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Ireland Injury Update Issued Ahead Of Final GUINNESS Series Match

Ireland Injury Update Issued Ahead Of Final GUINNESS Series Match

Fresh from their historic win over New Zealand on home soil, the Ireland squad have reassembled at their training base in Maynooth today and issued the following injury update.

Flanker and man-of-the-match Peter O’Mahony suffered a dead leg during the 16-7 victory over the All Blacks. His training load will be managed accordingly this week, as the Ireland squad prepare for their final GUINNESS Series match against the USA next Saturday (kick-off 6.30pm).
Sean Cronin, Jack McGrath, Rob Kearney, James Ryan, Jordan Larmour and Kieran Marmion have all rejoined their provinces. Flanker Dan Leavy, who missed out on the New Zealand game through injury, has a neck strain and his rehabilitation will be managed at Leinster.

Meanwhile, Devin Toner, who made his 50th start for Ireland on Saturday night, praised the leadership provided by captain Rory Best and his vice-captains, as well as the noise generated by the home fans, in the aftermath of the team’s 11th home win in-a-row.

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“I think the mentality going into this game was one of the best that we’ve had,” said the giant lock. “I don’t think that we were going to lose that game, to be honest with you. What everyone was saying – what Sexto (Jonathan Sexton), Pete (O’Mahony) and Bestie (Rory Best) were driving – I don’t think anyone was going to give up anything, to be honest.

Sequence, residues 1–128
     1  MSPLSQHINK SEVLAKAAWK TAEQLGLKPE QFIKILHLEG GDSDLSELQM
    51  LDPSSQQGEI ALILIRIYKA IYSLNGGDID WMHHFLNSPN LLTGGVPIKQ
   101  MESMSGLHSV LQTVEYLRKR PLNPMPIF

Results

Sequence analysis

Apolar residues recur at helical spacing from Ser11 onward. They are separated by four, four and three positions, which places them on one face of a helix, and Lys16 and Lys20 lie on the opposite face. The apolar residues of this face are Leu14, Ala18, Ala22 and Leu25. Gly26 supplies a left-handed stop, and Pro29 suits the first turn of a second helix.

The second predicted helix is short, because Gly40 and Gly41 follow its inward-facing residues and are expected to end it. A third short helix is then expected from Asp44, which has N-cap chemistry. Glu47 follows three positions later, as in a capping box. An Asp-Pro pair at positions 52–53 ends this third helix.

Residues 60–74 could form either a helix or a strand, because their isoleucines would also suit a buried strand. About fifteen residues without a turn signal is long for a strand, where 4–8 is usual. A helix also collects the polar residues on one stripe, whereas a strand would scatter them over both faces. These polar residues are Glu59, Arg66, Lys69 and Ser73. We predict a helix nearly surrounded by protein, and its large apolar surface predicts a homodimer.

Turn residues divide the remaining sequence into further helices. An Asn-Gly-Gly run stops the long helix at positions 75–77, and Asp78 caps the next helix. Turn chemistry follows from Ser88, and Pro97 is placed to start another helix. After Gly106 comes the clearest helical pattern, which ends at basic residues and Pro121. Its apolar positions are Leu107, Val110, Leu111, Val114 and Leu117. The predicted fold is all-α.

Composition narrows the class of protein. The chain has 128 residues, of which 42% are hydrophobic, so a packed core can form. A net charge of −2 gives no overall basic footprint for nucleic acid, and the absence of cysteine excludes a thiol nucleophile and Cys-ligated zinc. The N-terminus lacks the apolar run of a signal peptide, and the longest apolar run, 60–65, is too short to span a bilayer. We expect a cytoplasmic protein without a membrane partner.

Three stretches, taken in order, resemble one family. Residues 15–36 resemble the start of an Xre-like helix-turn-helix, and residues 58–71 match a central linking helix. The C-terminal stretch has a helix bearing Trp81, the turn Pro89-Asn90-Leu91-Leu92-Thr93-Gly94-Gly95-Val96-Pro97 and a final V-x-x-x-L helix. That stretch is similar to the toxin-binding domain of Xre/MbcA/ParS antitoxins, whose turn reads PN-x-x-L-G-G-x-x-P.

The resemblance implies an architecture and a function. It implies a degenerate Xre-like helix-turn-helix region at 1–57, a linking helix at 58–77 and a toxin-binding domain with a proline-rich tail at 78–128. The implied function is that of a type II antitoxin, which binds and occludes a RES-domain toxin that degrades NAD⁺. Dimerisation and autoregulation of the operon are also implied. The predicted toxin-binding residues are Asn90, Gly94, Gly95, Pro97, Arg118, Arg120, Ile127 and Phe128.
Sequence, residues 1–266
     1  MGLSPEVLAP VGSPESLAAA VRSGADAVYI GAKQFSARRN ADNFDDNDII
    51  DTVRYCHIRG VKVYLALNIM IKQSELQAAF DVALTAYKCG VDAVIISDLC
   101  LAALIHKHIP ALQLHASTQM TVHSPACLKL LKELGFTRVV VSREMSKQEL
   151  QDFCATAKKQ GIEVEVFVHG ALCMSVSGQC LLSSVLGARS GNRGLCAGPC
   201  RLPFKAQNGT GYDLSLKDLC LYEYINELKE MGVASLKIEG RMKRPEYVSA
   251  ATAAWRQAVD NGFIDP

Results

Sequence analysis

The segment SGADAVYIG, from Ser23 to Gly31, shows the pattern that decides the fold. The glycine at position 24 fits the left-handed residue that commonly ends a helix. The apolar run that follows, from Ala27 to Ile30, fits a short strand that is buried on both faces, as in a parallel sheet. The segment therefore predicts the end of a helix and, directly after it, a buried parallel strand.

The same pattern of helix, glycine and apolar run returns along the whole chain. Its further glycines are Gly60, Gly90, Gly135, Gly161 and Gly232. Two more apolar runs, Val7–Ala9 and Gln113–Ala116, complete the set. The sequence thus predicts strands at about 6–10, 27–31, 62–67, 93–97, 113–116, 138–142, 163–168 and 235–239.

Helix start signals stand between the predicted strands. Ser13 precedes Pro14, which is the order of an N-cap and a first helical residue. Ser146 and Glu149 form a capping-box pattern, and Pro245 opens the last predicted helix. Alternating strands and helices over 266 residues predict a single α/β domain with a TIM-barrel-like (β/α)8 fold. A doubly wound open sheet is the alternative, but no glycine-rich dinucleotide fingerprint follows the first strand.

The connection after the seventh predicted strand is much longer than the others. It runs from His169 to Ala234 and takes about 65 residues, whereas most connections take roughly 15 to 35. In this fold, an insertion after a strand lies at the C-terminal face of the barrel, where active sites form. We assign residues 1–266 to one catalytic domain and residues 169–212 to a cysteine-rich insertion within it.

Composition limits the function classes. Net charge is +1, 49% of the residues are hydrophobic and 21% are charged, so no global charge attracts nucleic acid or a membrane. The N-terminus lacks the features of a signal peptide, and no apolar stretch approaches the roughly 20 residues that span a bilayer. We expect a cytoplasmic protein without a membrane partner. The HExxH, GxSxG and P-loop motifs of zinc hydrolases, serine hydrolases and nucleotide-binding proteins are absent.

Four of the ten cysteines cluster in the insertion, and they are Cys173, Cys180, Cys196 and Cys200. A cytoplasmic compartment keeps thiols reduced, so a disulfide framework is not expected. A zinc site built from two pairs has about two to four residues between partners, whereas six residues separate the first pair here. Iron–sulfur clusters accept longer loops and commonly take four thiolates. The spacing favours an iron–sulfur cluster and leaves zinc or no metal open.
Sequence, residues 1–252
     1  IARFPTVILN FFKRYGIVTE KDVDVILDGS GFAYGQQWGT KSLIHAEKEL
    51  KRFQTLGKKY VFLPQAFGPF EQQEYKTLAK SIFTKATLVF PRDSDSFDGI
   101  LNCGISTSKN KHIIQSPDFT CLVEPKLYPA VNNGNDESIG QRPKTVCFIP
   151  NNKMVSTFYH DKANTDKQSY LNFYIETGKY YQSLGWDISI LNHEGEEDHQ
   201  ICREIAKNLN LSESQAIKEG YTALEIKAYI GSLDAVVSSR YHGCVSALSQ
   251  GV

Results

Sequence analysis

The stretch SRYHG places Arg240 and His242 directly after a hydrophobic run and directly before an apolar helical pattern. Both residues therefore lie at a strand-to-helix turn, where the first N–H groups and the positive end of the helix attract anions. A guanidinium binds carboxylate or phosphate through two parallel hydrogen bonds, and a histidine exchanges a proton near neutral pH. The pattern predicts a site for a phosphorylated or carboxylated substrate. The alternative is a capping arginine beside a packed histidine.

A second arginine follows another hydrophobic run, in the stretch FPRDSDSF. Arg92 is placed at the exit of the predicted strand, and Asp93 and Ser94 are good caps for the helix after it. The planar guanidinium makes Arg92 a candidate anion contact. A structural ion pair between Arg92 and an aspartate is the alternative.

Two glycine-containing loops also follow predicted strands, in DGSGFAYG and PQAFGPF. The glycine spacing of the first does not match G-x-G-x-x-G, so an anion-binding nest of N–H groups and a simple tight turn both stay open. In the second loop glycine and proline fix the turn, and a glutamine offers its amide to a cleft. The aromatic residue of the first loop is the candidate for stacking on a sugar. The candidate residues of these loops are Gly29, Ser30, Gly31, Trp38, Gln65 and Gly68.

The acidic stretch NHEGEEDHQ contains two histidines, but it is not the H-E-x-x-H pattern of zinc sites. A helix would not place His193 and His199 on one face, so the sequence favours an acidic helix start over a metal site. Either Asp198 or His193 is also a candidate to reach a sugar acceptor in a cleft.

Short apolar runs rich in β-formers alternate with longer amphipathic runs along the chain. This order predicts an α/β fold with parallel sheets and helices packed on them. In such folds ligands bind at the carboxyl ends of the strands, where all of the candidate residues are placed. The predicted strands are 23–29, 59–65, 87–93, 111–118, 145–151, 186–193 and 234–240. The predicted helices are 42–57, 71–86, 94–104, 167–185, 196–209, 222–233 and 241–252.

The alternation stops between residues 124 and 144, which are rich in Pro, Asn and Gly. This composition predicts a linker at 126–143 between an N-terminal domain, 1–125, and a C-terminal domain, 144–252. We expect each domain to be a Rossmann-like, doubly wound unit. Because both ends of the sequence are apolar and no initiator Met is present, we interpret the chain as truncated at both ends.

“An unbelievable experience. To beat New Zealand for the first time on Irish soil, it’s something special. The atmosphere was unbelievable, it was so loud, as loud as I’ve heard it.

“It wasn’t great to call lineouts! It was so loud, but to come out on top in that manner is unbelievable. It doesn’t mean more because of the personnel, it means more because it’s in Dublin, being able to do it in front of your home crowd.”

As ever, head coach Joe Schmidt deflected the plaudits to the players and also members of the backroom team whose hard work and input is rarely highlighted publicly. “It’s a bit special at home and it was a bit special tonight because of what happened in 2013, because of how the crowd were,” he said.

“I thought the crowd were unbelievable and if you need a 16th man, there’s not many better places to go than the Aviva Stadium, Dublin. I get a bit of reflected pride because I watch them (the players) work, I work with them and it’s nice to be close to people who know how to get the best out of themselves.

“And even working with the S&C people, the medical people, the coaching staff, the analysis staff, you know, Merv Murphy and Vinny Hammond, they never get a mention but they do a phenomenal job in pinpointing weaknesses and trying to make sure that we maximise strengths when we go out there.

“It’s pretty collective when we put our heads together so, you know, I’d love to say I’m a really important part of it but it is very much a machine and a consensus, very often.”